Pointe shoes are a special type of footwear that allow ballet dancers to perform on the tips of their toes (‘pointes’). They have a long and fascinating history that spans over two centuries.
‘Pointe’ is a french word referring to the tip. In this case, tip of the toes!
Here are some of the key events and milestones in the evolution of pointe shoes:
- The first ballet shoes were heeled slippers that limited the dancers’ movements and jumps. In the 1730s, Marie Camargo of the Paris Opéra Ballet was the first to remove the heels from her shoes, creating the flat ballet slipper that is still used today for training and rehearsal1.
- In 1795, Charles Didelot invented a flying machine that lifted dancers up on wires, enabling them to stand on their toes before leaving the ground. This gave the impression of weightlessness and inspired choreographers to incorporate more pointe work into their ballets2.
- In 1823, Amalia Brugnoli was the first dancer to rise on her toes without any wires, using lightly stitched satin slippers with square toes. She performed in Armand Vestris’ La Fée et le Chevalier and amazed the audience with her technique1.
- In 1832, Marie Taglioni became the first to dance a full-length ballet on pointe, in La Sylphide, choreographed by her father, Filippo Taglioni. She used tight-fitting, darned, leather-soled satin slippers tied with ribbons to convey her character’s ethereal and romantic qualities1.
- Throughout the 19th century, pointe shoes underwent various modifications to improve their durability and support. Dancers added leather soles, hardened toe boxes, and insoles to their shoes, and experimented with different shapes and materials. Some of the famous dancers who influenced the development of pointe shoes were Fanny Elssler, Carlotta Grisi, Fanny Cerrito, and Anna Pavlova13.
- In the 20th century, pointe shoes became more standardized and mass-produced, with different brands and models catering to different preferences and needs. Some of the innovations that were introduced were the use of synthetic materials, such as thermoplastic elastomers and urethane foams, to replace the traditional paper and glue; the addition of shanks, or stiffeners, to provide more arch support; and the creation of different toe box shapes, such as tapered, square, or round3.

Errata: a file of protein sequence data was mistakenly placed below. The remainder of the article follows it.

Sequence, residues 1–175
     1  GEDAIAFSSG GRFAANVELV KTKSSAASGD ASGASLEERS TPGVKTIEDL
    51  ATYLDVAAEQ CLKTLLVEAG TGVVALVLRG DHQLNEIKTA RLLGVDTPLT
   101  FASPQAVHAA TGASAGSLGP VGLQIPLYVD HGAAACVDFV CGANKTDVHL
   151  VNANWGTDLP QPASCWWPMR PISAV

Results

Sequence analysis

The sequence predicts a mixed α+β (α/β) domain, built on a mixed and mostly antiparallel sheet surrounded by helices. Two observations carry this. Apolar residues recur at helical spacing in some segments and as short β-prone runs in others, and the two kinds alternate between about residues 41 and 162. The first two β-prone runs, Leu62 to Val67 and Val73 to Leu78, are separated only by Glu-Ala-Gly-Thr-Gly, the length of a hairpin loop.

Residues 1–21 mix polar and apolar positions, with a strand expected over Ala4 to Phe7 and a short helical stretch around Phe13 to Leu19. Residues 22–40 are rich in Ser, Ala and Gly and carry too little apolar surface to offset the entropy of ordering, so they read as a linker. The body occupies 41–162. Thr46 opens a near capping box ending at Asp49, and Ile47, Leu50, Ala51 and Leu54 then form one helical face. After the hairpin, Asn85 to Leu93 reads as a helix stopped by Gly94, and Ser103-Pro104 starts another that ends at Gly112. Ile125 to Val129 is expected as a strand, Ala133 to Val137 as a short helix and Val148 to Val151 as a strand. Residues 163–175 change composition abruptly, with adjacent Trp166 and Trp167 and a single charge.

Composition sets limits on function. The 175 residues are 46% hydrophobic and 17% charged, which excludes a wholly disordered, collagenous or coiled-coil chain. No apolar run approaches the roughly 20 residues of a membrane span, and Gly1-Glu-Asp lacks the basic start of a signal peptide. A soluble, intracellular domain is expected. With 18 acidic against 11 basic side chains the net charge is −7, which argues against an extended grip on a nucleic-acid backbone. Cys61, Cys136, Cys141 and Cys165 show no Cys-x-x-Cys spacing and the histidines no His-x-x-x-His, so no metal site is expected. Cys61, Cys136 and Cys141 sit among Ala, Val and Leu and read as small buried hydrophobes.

- In the 21st century, pointe shoes continue to evolve and adapt to the demands of contemporary ballet. Some of the recent trends and developments are the availability of brown and bronze shades to match darker skin tones4; the use of 3D printing and scanning to create customized and personalized shoes; and the incorporation of technology, such as sensors and LEDs, to enhance the performance and aesthetics of pointe shoes3.
As you can see, pointe shoes have a rich and complex history that reflects the changes and innovations in ballet over time. They are not only a technical tool, but also a symbol of a dancer’s artistry and expression.
We at the Ballet Shop hope you enjoyed learning about the history of pointe shoes. ???? Do remember that we have some great pointe shoes in stock – notably Sansha and F.R. Duval.